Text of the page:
A woman pushes a pram past a giant mask and eye display stuck to a tree in Melbourne. File/AFP
Australian officials were eyeing tighter restrictions in the nation's second-biggest city Friday as hundreds more coronavirus cases were recorded despite more than three weeks in lockdown.
As greater Melbourne passed the halfway point of a lockdown initially intended to last six weeks, Premier Daniel Andrews said the state would be stuck in "limbo" unless it could cut the infection rate.
"We've stopped it from getting completely out of control... but we haven't been able to suppress it sufficiently," Andrews told media in Melbourne.
Without a drop in infections, there was an "absolute certainty" any rollback of restrictions would see virus cases spiral out of control, he said.
"It's almost impossible for us to see businesses recover and survive unless and until we get these numbers down."
Victoria state -- of which Melbourne is the capital — reported over 600 cases Friday and eight deaths, a drop after recording the nation's highest daily toll Thursday with 18 deaths and 723 cases.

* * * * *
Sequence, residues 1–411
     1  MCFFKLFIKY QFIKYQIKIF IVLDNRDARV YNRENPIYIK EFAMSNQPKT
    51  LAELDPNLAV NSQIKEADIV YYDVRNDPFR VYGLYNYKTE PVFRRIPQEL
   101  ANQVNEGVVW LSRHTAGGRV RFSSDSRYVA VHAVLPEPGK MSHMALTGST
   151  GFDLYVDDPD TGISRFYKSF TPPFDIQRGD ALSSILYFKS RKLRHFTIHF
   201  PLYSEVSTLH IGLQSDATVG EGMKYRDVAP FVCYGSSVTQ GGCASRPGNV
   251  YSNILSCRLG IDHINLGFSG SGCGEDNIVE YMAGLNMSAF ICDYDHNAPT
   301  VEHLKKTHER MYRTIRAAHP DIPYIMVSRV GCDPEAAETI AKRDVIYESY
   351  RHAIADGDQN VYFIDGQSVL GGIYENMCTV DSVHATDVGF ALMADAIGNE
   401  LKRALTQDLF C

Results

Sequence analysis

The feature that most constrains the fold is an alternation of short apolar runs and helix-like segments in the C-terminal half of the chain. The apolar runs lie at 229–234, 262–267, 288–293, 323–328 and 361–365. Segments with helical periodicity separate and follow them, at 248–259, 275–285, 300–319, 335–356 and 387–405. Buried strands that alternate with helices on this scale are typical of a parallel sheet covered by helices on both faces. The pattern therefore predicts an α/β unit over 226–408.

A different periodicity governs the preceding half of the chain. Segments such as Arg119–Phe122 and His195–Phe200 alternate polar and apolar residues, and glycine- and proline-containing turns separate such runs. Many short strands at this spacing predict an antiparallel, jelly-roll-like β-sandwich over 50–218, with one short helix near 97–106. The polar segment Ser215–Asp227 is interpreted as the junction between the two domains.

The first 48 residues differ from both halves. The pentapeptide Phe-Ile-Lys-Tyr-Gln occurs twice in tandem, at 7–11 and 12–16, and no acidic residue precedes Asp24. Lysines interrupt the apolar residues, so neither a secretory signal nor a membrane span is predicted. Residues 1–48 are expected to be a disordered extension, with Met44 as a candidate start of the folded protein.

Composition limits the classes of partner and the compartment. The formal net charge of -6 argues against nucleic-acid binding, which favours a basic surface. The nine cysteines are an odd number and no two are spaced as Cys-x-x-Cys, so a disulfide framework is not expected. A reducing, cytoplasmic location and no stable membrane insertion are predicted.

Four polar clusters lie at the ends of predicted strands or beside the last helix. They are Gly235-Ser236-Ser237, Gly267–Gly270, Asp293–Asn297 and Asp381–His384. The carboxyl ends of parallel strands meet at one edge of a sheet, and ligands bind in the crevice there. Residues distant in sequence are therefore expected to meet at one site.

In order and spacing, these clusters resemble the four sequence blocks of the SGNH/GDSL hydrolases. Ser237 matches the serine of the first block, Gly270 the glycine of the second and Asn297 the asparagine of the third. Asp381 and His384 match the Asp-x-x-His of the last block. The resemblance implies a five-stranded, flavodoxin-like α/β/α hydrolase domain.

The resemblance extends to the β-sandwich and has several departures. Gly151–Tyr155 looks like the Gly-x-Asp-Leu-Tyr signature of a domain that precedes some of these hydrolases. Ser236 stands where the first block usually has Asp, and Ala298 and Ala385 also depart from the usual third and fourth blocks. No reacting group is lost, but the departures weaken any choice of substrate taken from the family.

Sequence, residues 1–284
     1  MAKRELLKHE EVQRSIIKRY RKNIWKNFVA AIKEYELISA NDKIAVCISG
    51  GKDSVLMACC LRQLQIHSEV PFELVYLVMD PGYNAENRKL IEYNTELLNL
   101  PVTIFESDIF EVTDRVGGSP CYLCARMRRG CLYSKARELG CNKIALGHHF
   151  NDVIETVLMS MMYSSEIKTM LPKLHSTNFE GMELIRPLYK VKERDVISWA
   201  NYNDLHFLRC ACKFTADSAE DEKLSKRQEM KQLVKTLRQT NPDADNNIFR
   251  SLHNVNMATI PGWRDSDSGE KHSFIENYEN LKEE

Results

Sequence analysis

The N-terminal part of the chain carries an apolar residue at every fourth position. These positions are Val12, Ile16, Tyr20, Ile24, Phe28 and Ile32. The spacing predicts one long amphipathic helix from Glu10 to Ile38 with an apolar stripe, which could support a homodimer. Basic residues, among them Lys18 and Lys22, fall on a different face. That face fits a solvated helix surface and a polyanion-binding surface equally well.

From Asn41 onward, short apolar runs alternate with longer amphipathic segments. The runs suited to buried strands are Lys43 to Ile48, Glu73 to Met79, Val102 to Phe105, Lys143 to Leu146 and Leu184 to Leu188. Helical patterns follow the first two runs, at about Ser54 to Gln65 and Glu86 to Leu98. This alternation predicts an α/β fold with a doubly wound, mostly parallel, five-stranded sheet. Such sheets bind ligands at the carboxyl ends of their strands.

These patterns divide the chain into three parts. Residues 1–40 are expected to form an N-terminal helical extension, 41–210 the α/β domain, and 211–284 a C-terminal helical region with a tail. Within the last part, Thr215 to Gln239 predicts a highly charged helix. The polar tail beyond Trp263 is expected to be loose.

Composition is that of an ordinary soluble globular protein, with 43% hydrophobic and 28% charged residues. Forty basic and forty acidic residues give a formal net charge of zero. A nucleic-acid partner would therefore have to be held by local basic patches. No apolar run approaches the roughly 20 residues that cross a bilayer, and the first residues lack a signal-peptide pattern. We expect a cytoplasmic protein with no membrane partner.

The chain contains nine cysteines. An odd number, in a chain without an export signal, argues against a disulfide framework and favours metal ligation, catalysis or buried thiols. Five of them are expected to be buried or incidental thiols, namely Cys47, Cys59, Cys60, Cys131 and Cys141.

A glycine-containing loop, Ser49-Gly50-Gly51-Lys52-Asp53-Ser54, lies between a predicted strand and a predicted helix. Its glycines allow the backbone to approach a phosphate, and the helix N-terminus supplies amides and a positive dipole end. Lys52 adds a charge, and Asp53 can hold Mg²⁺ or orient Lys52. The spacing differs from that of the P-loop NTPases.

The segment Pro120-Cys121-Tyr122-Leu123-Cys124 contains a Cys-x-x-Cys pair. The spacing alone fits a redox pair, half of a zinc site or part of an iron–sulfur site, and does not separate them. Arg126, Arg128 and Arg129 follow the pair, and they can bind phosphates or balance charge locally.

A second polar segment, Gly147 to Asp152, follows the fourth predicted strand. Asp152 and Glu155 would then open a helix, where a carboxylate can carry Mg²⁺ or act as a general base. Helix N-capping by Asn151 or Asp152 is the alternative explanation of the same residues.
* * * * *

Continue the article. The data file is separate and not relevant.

Half of the new deaths were connected to aged care homes in the city.
The state's top health official said any increase in restrictions had "really significant consequences" but admitted tougher rules were now being considered, including a strict lockdown and widespread business closures successfully used in neighbouring New Zealand.
New Zealand has not recorded a locally transmitted case from an unknown source in over 90 days and only 22 deaths in a population of five million.
Australia's cases ticked toward 17,000 on Friday, recording 196 deaths in a population of 25 million.Associated Press
Neighbouring New Zealand has already taken that step, announcing on Tuesday that its national airline will not take new inbound bookings for three weeks to reduce the burden on overflowing quarantine facilities.
Federal authorities have left details of the plan's implementation up to the country's diverse states and territories, meaning coronavirus restrictions will remain in place for weeks or months longer in areas hardest hit by the disease.
Governments around the world are trying to stop the spread of the disease while scrambling for ways to relieve pressure on their economies, which are facing a historic downturn with millions pushed into unemployment.
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